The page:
In 1920, when it was founded the League of Women Voters occupied a headquarters near the White House (above left). Today, its national headquarters is in an office building just southwest of Dupont Circle (above, right).
"We believe in the power of women to create a more perfect democracy. That's been our vision since 1920, when the League of Women Voters was founded by leaders of the women’s suffrage movement. For 100 years, we have been a nonpartisan, activist, grassroots organization that believes voters should play a critical role in democracy." - League of Women Voters
League members come from across the country to Washington, DC to make their views known to Republican and Democratic legislators, leaders and parties. Here, the Minnesota League of Women Voters bring a petition with a mile-long list of signatures in favor of the United States becoming a member of the International Court of Justice.
A skilled political strategist, Carrie Chapman Catt directed the National American Woman Suffrage Association (NAWSA) proposed the creation of a "league of women voters to finish the fight and aid in the reconstruction of the nation." In 1920, she founded the League of Women Voters to bring women into the political mainstream.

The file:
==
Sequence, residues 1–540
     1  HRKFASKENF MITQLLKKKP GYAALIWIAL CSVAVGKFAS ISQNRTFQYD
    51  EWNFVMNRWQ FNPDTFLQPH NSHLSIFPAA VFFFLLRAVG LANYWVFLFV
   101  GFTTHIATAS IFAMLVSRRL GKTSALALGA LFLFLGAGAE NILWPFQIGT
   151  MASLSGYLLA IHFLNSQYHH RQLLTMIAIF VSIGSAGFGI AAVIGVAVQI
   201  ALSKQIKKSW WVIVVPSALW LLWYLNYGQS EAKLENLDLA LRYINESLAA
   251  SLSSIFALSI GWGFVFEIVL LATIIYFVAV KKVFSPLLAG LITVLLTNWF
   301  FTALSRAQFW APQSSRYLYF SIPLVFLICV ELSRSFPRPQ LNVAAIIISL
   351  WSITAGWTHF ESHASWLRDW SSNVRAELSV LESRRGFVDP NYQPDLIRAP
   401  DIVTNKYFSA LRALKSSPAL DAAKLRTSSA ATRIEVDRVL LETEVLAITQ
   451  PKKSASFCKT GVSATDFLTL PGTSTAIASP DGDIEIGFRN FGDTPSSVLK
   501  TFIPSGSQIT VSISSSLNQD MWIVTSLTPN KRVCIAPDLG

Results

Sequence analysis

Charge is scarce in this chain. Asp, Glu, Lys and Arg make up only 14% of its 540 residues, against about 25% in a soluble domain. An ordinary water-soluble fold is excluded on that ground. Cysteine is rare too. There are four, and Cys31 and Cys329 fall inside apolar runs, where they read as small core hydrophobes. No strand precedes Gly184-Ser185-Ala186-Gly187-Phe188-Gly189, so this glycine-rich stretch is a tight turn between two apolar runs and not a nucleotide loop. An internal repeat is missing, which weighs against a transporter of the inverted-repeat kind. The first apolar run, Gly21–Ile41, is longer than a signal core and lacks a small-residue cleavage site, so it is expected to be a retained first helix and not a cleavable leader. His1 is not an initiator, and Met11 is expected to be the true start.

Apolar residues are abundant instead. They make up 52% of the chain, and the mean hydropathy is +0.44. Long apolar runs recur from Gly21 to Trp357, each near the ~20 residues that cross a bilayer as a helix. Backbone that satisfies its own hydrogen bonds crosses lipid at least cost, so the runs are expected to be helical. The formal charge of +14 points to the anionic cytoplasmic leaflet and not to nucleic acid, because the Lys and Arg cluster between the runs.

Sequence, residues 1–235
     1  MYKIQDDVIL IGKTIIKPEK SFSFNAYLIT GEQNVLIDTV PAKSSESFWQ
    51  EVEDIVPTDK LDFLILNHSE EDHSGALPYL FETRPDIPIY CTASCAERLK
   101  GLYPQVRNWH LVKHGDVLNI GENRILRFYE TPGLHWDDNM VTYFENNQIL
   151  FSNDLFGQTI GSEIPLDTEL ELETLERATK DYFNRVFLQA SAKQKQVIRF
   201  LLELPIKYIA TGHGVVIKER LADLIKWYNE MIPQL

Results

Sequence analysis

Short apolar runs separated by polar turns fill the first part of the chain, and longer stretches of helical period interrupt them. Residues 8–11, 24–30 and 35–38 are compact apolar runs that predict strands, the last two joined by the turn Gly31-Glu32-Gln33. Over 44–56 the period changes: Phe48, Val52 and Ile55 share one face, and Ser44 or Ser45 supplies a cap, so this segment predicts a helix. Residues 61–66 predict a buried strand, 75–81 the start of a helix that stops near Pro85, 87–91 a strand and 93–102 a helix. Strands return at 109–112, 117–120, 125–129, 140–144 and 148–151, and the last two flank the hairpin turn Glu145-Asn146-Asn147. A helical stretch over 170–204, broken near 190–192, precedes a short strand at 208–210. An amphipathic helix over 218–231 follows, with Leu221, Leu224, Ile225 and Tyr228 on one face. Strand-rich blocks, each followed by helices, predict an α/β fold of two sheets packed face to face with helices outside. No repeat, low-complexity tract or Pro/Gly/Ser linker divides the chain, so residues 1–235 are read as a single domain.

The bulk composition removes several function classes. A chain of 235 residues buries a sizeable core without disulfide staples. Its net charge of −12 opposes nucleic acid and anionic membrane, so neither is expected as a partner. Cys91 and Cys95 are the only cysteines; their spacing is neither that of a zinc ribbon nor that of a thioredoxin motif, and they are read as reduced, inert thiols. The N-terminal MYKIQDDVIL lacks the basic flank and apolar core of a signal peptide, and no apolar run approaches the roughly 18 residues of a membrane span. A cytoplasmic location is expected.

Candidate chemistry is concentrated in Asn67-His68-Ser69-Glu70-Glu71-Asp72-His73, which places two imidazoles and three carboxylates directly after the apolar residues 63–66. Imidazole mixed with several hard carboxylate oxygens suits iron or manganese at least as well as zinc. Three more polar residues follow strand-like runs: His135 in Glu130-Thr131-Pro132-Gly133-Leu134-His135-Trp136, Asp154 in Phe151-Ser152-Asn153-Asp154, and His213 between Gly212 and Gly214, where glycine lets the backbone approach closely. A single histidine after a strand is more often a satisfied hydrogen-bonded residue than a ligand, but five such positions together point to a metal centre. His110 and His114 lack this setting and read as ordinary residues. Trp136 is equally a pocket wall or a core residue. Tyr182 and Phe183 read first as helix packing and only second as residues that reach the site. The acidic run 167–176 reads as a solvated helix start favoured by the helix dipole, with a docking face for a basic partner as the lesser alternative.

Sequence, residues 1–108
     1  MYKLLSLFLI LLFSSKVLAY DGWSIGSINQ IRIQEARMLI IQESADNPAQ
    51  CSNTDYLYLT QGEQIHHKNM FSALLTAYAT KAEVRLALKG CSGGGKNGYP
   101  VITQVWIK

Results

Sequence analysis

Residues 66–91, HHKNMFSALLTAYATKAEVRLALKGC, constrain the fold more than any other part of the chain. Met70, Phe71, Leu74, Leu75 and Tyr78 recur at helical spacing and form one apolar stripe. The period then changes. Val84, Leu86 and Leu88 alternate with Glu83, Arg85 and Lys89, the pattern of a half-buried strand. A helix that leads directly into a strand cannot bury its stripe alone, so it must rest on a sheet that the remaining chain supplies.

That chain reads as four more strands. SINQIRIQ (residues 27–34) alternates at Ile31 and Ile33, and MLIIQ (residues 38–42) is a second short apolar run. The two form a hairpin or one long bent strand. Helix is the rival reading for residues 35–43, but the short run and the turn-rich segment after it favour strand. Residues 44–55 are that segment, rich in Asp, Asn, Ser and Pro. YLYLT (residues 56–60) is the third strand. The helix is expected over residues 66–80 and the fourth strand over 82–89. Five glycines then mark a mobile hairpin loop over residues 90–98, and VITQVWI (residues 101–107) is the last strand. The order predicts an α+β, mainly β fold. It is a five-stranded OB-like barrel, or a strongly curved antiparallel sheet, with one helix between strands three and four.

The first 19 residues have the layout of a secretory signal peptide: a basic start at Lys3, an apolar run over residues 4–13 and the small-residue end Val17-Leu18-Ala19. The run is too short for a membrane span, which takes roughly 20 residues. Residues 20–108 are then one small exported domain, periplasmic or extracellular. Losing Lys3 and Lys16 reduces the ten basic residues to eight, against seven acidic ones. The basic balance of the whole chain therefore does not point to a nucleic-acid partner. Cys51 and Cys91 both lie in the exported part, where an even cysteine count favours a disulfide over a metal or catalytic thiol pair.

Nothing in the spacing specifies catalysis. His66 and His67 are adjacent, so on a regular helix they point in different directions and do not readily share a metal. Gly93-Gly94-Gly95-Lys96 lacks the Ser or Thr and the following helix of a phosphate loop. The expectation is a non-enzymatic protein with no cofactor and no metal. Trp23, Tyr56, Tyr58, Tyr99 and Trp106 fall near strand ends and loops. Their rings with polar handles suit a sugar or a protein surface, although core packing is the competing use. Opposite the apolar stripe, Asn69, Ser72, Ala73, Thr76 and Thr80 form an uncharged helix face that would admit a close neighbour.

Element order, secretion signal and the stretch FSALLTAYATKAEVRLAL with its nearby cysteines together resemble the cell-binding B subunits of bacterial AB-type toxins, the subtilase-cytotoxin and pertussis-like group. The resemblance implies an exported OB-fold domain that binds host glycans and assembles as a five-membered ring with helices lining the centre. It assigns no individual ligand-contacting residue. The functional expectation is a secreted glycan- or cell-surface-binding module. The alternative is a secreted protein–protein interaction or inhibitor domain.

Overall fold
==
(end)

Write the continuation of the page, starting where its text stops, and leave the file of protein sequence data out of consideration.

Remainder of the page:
By the time the 19th Amendment was ratified in August 1920, many Leagues were already active at the state level. They held rallies and citizenship schools to prepare newly-enfranchised women to vote. This rally was held less than two weeks after ratification in St. Louis, Missouri on Sept. 13, 1920.
The League has been a pioneer in the use of technology to educate and inform voters from radio broadcasts in the 1930’s to televised Presidential debates (above) to its national Vote 411 site launched in 2006.
In recognition of their 100th anniversary in 2020, the League of Women Voters revisited their own history to better document the significant contributions made by women of color to suffrage and women's movements. The Untold Story of Women of Color in the League of Women Voters adds a new dimension to these conversations.
The Washington, DC League has long been named “The League of Voteless Women” and has campaigned actively for representation and Home Rule for the District of Columbia.
Vote 411 is a “one-stop-shop” for election information nationwide, Launched in 2006, Vote 411 provides the latest nonpartisan national and state-specific information on how to get a ballot, election dates, and where to vote.
Deborah Turner, MD, JD, 20th President of the League of Women Voters addresses around 150 activists and women’s rights leaders from across the country gathered in front of the U.S. Supreme Court to rally for removal of the arbitrary timeline placed in the preamble of the Equal Rights Amendment.
Since 1920, the League has focused on training for active, responsible citizenship by improving public knowledge, contributing to civic issue resolution, widening a diverse public voice, creating social capital through combined activity, and empowering personal growth through engagement in the democratic process. The LWV Education Fund works to register voters, provide voters with election information through voter guides as well as candidate forums and debates.